With the Bills holding a 24-10 lead in the final four minutes and having a fourth down and a yard to go at the Jets goal line, Lofton suggested that Bills coach Sean McDermott would go for it to reward the Bills offensive line.

McDermott chose to have rookie Tyler Bass kick the field goal that gave the Bills a 27-10 lead.

“As soon as I say that, we’re going for a field goal,” said Lofton before quickly realizing that comment suggested he was rooting for his old team.

“By ‘we,’ I just mean offensively,” he said. It wasn’t much of a recovery.

The decision was a no-brainer for McDermott. If he had followed Lofton’s advice and the Bills failed to score on fourth down, the Jets would have had a shot – though a long shot – of tying the game with two touchdowns.

Bass’ field goal just about guaranteed a Bills victory since it gave them a three-score lead with less than four minutes to go.

It also was weird that it took CBS eight minutes to show a replay that appeared to show Bass’ first field goal attempt was good even though it was called wide right because it drifted in the wind after passing the goal post. It would have made the score 24-3.

“That’s a huge call,” said Catalon.

Gene Steratore, CBS’ officiating expert, thought it “sure does” look good before the wind took it. “If the football is above the upright, it is not a reviewable play,” he added. I wish he had explained better what appears to be a bad rule.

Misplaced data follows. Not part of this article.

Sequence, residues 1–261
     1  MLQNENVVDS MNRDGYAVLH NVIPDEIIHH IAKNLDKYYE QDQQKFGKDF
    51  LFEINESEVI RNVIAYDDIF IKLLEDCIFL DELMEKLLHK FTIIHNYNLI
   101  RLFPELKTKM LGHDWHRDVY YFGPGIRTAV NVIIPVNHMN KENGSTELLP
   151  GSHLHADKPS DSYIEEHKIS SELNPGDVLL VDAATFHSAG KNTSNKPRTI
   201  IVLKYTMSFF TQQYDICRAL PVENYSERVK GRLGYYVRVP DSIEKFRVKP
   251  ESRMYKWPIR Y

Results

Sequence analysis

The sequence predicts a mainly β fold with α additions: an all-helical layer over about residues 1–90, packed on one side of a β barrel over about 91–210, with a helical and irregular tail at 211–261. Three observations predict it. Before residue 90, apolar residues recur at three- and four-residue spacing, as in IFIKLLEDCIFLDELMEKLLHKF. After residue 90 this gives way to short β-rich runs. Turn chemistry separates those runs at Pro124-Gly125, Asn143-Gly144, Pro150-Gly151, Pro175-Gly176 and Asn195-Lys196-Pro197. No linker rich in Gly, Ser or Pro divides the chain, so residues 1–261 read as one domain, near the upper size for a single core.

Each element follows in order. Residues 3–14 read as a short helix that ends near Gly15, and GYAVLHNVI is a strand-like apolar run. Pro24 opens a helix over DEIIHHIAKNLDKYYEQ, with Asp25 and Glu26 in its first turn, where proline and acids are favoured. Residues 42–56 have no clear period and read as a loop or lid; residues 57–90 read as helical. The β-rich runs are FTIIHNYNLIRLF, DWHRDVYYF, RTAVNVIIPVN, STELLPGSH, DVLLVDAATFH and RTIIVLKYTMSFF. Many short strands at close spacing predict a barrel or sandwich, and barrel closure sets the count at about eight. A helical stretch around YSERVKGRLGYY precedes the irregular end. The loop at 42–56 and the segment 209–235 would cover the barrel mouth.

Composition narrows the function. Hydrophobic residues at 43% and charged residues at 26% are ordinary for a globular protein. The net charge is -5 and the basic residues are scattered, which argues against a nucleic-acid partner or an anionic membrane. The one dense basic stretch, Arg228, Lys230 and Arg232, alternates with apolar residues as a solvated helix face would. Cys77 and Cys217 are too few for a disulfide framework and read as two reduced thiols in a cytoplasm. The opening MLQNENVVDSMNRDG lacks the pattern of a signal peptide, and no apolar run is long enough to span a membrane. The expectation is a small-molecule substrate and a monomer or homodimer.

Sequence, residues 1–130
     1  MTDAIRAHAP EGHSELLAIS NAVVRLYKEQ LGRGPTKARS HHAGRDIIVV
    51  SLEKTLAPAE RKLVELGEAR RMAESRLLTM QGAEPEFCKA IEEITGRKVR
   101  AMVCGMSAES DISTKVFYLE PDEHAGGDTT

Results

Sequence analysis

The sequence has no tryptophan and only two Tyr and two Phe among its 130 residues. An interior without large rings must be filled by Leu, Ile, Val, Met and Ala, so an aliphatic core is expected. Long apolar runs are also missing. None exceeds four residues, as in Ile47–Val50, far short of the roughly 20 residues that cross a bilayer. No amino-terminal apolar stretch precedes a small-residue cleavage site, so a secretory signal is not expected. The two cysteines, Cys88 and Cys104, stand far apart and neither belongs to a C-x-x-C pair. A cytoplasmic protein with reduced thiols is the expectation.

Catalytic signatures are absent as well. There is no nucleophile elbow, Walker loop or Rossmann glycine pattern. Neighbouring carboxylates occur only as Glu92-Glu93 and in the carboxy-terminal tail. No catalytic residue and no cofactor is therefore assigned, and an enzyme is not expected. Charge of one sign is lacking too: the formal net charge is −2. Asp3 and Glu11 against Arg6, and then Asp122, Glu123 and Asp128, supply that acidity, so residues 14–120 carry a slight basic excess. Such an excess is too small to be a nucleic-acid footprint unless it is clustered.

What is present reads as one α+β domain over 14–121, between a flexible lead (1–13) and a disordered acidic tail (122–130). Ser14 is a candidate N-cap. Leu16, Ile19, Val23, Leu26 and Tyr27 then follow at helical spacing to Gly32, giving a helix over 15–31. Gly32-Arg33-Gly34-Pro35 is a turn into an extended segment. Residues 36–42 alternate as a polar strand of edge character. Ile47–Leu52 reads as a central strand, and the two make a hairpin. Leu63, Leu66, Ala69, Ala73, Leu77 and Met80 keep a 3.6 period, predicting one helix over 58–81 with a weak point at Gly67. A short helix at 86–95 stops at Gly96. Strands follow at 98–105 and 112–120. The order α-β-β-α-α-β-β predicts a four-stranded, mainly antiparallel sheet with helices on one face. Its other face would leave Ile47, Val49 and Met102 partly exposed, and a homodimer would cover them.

Steratore also was called in after the Bills’ Jordan Poyer forced a fumble by Chris Herndon that was recovered by the Bills’ Jerry Hughes after the Jets receiver appeared to make a catch and made a move before fumbling.

Steratore said he would have stayed with the fumble call as it appeared the call was being reversed. Then, weirdly, the apparent reversal was reversed, the play stood, and the Bills got the ball.

“It is 2020,” said play-by-play man Andrew Catalon. “It is (a fumble). Unbelievable.”

He was making the universal suggestion that 2020 has been a year like no other.

Catalon, who in normal years works Bills preseason games and remains a close friend of Steve Tasker, had a decent game. He knows the Bills as well as any network play-by-play announcer. It showed when he noted how important the injury to Bills linebacker Matt Milano was.